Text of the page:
This leads us to the second problem mentioned in Collins’ report, which concerned the use of two of Wachusett’s 32-pounder guns to answer the Confederates’ small arms fire.  Collins claimed they were fired “contrary to my orders.”  

During their first stop en route, Wachusett put into the tiny island of St. Bartholomew for provisions and to transfer 19 of their 70 prisoners over to the Union sloop Kearsarge while Florida remained offshore.  Collins later claimed that, despite having given the lieutenant commander strict orders not to let Wachusett out of his sight, Beardslee had by that evening somehow managed to drift over 20 miles from the five-mile-long island.  Furious at what he regarded as Beardslee’s disregard of his orders, Collins was overheard by one of the prize crew officers threatening to shell Florida with one of his 100-pounder rifled guns.  
The following day, the acting ensign returned and told Beardslee about the claim that he had disobeyed orders and that Collins had contemplated shelling him.  In response, Beardslee fired off a letter to the commander denying he had gone further than nine miles and requesting a court of inquiry be convened upon their return to investigate not only the validity of that charge but the conduct of the entire operation.  “I feel very confident that a court bringing out all the facts connected with the Florida since the day she arrived in Bahia will find little to censure in my conduct,” he wrote, “unless the capture itself be declared wrong [emphasis added].”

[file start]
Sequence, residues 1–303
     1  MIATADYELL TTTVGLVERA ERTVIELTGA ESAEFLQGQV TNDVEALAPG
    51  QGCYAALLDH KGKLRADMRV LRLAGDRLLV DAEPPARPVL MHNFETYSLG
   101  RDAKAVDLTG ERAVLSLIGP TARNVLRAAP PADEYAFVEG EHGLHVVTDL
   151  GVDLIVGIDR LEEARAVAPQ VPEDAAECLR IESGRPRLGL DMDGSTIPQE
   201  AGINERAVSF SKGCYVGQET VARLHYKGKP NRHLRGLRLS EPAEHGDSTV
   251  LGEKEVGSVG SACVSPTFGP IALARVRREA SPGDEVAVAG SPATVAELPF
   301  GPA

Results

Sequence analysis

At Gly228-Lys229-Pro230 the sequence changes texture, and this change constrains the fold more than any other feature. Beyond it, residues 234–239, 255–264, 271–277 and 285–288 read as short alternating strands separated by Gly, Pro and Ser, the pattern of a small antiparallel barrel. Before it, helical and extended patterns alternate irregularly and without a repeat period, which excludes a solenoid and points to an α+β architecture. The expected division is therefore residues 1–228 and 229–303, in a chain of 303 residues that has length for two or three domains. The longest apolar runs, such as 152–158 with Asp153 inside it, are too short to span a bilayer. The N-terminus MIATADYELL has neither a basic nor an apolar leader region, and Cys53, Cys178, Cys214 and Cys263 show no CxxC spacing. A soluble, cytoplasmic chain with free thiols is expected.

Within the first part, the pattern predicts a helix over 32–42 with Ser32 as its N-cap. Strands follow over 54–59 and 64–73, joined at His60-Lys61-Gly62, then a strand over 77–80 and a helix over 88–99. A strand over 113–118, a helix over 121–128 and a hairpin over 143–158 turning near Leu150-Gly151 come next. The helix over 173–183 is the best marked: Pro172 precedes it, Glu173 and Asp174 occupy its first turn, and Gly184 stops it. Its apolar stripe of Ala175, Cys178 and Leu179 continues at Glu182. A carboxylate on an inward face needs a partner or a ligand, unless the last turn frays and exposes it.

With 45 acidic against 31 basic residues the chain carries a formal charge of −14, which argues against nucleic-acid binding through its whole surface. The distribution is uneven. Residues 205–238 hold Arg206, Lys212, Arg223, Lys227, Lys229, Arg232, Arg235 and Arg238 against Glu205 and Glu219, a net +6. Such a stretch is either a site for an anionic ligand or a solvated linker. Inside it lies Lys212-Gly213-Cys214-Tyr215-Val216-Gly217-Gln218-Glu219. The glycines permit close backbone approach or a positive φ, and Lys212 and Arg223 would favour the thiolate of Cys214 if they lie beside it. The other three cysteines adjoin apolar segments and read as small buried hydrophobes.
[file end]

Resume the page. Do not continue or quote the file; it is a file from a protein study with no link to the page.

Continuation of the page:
“Should the Wachusett at any time begin firing at this United States steamer,” continued Beardslee, “I should most certainly be led to the belief that the Confederates aboard of[sic] the Wachusett had captured the vessel and that my duty to my country called upon me to destroy her.”  He added, ominously, “I shall most certainly return a shell from the Wachusett with both broadsides of this ship, which are in readiness, and if I shall have made a mistake none of us will live to rectify it, as I shall sink this ship, if I can not the Wachusett.”
Perhaps under the assumption that an investigation would indeed be forthcoming, Collins then wrote directly to Navy Secretary Gideon Welles from Hampton Roads two days after their arrival on November 12 requesting Beardslee be court-martialed on eight different counts, including failing to detach the anchor chain from his ship despite assurances it had been done, firing the broadside without permission,  sending the “improper letter” to him (which he enclosed), repeating his intention to call for a court of inquiry upon their return, and even “charging me by implication with cowardice.”
Of course a court of inquiry would be convened and a court martial conducted in the months to come, but not because of the nearly fratricidal feud between the two officers.